It was embarrassing, frustrating, and nerve-wracking to go to my charge nurse. I cried as I told her I was stuck. All of a sudden, I went from training a new nurse to being that new nurse’s patient. My colleague became my provider. I went from being frustrated with lab for patients to being frustrated for myself. Before I left work, I knew the patient was HIV negative. However, when Occupational Health called me the next day, I learned she is Hepatitis C positive. For the first time, my significant exposure was significant.

Through no fault of my own, I might have contracted Hepatitis C. The Centers for Disease Control and Prevention estimates that my risk of 0.1%, based on a 2017 study by Egro et al. It’s extremely low, but so is the risk of side effects after Lasik surgery, and I have those. They’re supposed to go away after weeks to months, but mine never did, so I don’t trust being on the preferred side of a medical statistic.

I am scared. I have known since nursing school Hep C is more common than HIV transmission and it was a risk of the job. But liver failure sounds awful, and I don’t want to be on a chronic antiviral. I also do not want to have Hep C and possibly transmit it to my future children. I got my blood drawn the day after exposure and will again 6 weeks afterward. I will not feel completely safe until the 6 weeks are up.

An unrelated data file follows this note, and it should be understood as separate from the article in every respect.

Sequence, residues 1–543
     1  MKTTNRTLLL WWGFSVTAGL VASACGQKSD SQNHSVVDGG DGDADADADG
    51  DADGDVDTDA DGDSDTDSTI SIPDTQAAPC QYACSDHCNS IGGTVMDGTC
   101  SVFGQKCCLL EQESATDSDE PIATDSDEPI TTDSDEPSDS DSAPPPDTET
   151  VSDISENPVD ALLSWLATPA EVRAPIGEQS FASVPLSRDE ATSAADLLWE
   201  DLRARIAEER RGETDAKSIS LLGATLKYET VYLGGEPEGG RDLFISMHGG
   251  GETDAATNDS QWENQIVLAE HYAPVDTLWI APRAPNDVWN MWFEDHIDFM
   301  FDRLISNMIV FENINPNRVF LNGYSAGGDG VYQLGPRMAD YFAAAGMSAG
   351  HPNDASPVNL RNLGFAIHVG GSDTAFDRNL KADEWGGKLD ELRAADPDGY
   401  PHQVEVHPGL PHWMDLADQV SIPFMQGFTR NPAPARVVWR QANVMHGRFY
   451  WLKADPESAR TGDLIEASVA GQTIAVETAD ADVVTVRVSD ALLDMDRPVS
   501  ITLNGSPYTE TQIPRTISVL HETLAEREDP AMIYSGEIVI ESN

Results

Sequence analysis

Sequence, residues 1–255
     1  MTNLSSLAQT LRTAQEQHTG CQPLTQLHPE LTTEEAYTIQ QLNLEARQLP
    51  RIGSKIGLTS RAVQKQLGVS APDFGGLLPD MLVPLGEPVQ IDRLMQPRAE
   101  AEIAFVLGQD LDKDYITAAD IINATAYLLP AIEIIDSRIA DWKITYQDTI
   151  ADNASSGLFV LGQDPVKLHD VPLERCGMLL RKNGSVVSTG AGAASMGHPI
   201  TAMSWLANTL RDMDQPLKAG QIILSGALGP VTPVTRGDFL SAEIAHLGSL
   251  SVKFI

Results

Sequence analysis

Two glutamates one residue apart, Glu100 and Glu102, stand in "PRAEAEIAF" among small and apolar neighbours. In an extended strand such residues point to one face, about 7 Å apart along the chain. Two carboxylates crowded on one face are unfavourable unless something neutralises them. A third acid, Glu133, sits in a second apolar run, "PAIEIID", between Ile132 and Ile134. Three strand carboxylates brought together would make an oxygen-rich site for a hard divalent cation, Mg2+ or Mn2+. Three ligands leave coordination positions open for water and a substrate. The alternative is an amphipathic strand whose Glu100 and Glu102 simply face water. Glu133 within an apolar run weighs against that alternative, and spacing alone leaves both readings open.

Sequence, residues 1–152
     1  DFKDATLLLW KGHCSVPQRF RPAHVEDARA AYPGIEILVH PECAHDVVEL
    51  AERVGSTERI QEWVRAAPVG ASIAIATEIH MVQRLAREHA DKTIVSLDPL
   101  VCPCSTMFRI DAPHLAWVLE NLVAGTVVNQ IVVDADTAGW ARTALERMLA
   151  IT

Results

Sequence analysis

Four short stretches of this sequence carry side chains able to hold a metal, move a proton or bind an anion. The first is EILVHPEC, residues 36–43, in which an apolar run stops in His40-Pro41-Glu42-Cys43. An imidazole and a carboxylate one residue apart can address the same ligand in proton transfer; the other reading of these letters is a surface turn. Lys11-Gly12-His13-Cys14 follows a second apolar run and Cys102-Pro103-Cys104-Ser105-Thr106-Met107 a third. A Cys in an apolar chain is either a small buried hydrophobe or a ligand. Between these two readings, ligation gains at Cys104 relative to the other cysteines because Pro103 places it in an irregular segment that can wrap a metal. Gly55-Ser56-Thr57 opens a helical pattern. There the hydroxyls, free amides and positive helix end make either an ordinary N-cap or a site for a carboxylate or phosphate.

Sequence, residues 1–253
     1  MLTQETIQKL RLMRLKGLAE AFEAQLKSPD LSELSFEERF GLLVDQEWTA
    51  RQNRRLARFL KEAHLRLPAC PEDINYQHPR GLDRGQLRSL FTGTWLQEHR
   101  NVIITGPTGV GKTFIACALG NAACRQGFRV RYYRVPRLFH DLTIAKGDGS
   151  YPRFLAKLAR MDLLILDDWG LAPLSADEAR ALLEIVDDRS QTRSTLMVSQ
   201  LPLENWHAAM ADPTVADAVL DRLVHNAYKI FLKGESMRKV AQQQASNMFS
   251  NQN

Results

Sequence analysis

I am angry. I’m angry the doctors I worked with did not sedate her more or ordered such a high dose of Narcan. I am angry the radiology technologist did not catch the bloody earring. I am angry she made such bad choices in her life that led up to her being in my ER.

I am so incredibly frustrated. I don’t want this disease when I have done nothing wrong. I don’t use IV drugs. I don’t have risky sexual encounters. I take care of myself. Why it is that someone who uses IV drugs, has obviously done risky things, and has neglected herself in almost every way might radically change my life?

I feel pity for this woman. How pathetic she was, fighting and flailing despite everyone surrounding her trying to help her. How pathetic she was, screaming that the tiny, temporary stab of a needle hurt, leading me to think she has no pain tolerance whatsoever. How pathetic she was.

But that is where my compassion ends: pity. I have no love whatsoever for her. I also do not harbor any hate, so there’s that. But Jesus calls me to love my enemy, not just not hate them. How I am supposed to love her? How is it fair that Jesus calls me to love her? How do I do that?